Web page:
In this present embodiment there are also provided, as inputting/outputting devices to the image memory 23, an image reading unit 21, an image printing unit 22, a communication control unit 27 for G3 type communication and a communication control unit 26 for G4 type communication. The reading and printing units 21 and 22 are also well known and are therefore not described in further detail herein.
The image reading unit 21 and the image printing unit 22 have an image resolution of 400 ppi. Therefore, it is possible to connect the image reading unit 21 directly to the encoding circuit 24 and to connect the image printing unit 22 directly to the decoding circuit 25.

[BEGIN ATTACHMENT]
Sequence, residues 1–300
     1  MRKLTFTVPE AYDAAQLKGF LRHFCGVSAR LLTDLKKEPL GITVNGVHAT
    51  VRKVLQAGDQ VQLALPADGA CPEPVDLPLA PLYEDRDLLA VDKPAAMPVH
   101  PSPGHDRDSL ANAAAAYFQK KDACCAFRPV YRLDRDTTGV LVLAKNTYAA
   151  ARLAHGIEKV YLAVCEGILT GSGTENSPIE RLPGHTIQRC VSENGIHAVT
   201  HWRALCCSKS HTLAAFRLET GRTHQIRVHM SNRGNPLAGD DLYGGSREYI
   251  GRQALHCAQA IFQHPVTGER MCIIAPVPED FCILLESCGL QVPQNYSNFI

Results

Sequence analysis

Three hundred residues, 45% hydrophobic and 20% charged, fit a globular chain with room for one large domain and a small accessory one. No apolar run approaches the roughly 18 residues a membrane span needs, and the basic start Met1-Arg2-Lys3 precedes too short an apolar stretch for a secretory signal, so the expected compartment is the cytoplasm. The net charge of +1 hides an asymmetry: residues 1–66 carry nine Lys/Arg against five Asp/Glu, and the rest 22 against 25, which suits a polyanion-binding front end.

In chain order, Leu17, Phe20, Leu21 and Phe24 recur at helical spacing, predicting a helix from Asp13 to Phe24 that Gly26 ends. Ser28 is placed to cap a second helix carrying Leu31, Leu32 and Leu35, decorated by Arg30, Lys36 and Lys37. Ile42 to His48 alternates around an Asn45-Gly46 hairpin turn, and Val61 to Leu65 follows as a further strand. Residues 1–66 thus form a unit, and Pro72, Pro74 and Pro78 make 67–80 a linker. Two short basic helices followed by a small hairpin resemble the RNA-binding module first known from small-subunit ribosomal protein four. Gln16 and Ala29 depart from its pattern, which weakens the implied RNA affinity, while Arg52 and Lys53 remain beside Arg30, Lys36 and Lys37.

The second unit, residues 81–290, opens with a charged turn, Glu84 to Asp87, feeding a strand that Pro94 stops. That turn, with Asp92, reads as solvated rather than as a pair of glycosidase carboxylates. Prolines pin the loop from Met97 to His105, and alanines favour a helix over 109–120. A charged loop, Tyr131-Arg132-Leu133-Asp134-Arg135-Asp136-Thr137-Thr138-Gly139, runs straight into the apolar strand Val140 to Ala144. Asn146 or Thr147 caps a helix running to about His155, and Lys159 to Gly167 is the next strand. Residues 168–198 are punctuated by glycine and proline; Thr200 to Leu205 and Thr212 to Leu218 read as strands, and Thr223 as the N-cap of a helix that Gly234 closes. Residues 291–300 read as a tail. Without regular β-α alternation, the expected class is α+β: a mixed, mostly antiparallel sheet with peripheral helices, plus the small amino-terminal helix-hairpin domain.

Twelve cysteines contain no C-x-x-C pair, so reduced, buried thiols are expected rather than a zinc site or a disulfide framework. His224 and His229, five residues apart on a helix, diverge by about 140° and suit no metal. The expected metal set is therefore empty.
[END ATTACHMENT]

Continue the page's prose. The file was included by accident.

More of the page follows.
On the other hand, the image resolutions of G3 and G4 type communication are different from the 400 ppi resolution of the reading and printing units 21 and 22. Therefore, in the case of inputting or outputting between the image memory 23 and the communication control units 26 or 27, it is necessary to convert the image resolution. For this purpose image resolution converters 28, 29, 210 and 211 are provided. As shown, the control unit 26 sends received image data signals to the image resolution converter 28 via a signal line 2a, and the control unit 27 sends received image data signals to the image resolution converter 29 via a signal line 2c. Also the control unit 26 receives image data signals to be transmitted via a signal line 2b from the image resolution converter 210 and the control unit 27 receives image data signals to be transmitted via a signal line 2d from the image resolution converter 211.